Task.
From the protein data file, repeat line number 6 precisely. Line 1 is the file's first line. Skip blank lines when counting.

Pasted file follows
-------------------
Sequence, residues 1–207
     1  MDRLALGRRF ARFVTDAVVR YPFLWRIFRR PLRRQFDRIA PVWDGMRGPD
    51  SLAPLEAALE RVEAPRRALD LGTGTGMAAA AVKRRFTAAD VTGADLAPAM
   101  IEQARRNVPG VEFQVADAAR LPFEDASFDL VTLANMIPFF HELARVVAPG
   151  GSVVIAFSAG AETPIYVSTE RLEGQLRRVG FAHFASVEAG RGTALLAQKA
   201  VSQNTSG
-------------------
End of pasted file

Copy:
   201  VSQNTSG